Mark Tanner
Mark Tanner
25 November 2015 0 Comments

Here are this week’s news and highlights for China:

Consumers,  Chinese Consumers


Buzzwords: Global China: Chinese citizens’ national identity, their perception of the world around them and where international brands are all relevant for foreign brands selling in China.  Here are some things to look out for.

No More Tiers: Chinese consumption is forecast to surge from $3.7 trillion in 2014 to $6.4 trillion in 2025, with 27% of the population accounting for 80% of the growth in spending. More than half of new spenders will come from the top-5 city segmentations.

Wal-Mart’s Asia CEO: China Will Drive Retail Growth: “We think online-to-offline is critical,” says Asia CEO and president Scott Price, as “customers look for convenience, and convenience is not just one mode.”

Chinese sport Sports


Li Ruigang’s China Media Capital To Pay $1.3 Billion For Soccer League Broadcast Rights: State-backed investment firm China Media Capital has signed a five year all-media exclusive global broadcast rights of Chinese Super League for $1.3 billion. The league sold its broadcast rights for $13 million for 2015 and $8 million in 2014.

Schooling and Education


Number of Mainland College Students in US Exceeds 300,000 for First Time: Chinese mainland students in the U.S. grew 10.8% in the past year, with the 304,040 students accounting for 31.2% of all international students in the country.

Online: Internet, Mobiles, & Social Media


Why Have QR Codes Taken Off in China?: After largely failing in the West, the mass adoption of WeChat and its embedded QR reader means any brand worth its salt uses QR codes in China.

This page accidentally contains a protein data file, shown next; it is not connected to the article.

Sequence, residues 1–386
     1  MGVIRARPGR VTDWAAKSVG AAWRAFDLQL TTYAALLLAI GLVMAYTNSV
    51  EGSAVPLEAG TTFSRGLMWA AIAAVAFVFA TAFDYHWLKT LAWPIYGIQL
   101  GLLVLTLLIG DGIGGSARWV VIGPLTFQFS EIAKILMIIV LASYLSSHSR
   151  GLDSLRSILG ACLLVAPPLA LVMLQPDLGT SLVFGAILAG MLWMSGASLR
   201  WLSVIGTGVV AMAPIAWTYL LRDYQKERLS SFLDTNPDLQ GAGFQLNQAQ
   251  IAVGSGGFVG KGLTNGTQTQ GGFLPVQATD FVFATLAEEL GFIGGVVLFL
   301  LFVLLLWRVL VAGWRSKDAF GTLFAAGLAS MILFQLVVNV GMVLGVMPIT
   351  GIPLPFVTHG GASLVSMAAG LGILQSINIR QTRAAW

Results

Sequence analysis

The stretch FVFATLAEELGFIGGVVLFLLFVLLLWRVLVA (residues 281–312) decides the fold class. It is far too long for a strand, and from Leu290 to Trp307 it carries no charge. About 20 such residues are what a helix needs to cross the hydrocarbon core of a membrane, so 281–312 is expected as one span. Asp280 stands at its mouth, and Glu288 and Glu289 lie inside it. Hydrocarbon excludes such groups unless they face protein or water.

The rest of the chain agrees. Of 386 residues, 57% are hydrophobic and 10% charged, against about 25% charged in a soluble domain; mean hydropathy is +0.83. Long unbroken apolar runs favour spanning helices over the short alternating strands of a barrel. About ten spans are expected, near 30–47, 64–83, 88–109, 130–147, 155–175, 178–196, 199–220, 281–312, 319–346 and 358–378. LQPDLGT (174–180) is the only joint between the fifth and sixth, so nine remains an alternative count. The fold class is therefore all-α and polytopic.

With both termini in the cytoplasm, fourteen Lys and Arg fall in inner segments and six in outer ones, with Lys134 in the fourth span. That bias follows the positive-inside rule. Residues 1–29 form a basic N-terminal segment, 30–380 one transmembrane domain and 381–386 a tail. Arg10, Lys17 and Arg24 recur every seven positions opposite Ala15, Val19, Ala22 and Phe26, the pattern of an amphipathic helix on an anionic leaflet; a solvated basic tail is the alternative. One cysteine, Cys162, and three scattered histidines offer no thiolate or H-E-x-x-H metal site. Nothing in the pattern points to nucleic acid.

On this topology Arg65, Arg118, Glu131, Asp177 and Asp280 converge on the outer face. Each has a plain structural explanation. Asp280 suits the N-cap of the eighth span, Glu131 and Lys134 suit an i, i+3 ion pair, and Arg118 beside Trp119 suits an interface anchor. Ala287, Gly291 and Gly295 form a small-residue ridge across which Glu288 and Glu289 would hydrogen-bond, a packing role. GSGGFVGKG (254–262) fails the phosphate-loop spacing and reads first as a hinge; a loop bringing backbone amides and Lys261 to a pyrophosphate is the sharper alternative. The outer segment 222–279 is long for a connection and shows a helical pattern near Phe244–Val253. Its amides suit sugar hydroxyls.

Are Chinese Tech Companies Innovative?: In 2014, China spent $200 billion on research and development and more than 1.2 million engineers graduated – more than any other country, meaning the country has “the potential to become a global innovation leader.”

Online vs. Offline: Where Do Chinese Consumers Really Win?: The average online prices for consumer goods in China are 8% lower than their offline prices when there are no sales promotions.

Premium Food & Beverage


Chinese Sea Salt May Contain Small Plastic Particles, Study Says: Sea salt samples from 15 supermarket brands in China have high levels of plastic particles, with more than 550 plastic particles for every kilogram according to an East China Normal University study.

China Wine Imports Rebound in 2015: Bottled wine imports to China rose by 38.7% in volume and 34.7% in value to $1.4 billion for the first nine months of 2015, driven by French, Australian and Spanish wine according to Chinese customs data. Australian wines were the standout performer, growing 59% in volume and 16% in price per bottle, with total value now more than half of French wine.

Will Belvita Win at Breakfast in China?: Mondelez has taken its breakfast biscuit concept to China in a bid to capture growing demand for “modern eating habits” in the mornings. Biscuits for snacking are already one of the most popular foreign categories in Chinese supermarkets and online stores, with Britain’s digestives selling increasingly well in China.

Xi Pub Visit Prompts Newfound Interest in British IPA: Photos of China’s president enjoying a pint of British beer in an Oxfordshire pub have sparked a “frenzy” for British Ale, with one publican reporting patrons just asking for “what Xi Dada (President Xi) drank.”

Premium and Luxury


Vuitton Looks to Close Chinese Shops Amid Luxury Slowdown: LV is reviewing eight stores in second-tier cities. While some may be moved or refurbished, others will close to “avoid being overexposed” as market dynamics change and more Chinese shop abroad.

Banking, Property


Chinese Nationals are Buying Multi-Million Dollar US Homes Using the Country’s Most Popular Instant Messaging App: Houses as far afield as NYC worth as much as $14 million are being snapped up by Mainlanders who have only ever seen the house on WeChat.

Autos and Cars


Lower-End Demand to Further Underpin China SUV Sales: China’s SUV sales volume grew by 48.0% year-on-year in the first ten months of 2015, while the overall passenger vehicles growth was 3.8%, down from 9.9% in 2014. SUVs accounted for around 21% of China passenger vehicle sales volume in 2014 and 29% in the first ten months of 2015.

That’s the Skinny for the week! See previous newsletters here. Contact China Skinny for marketing, research and digital advice and implementation.

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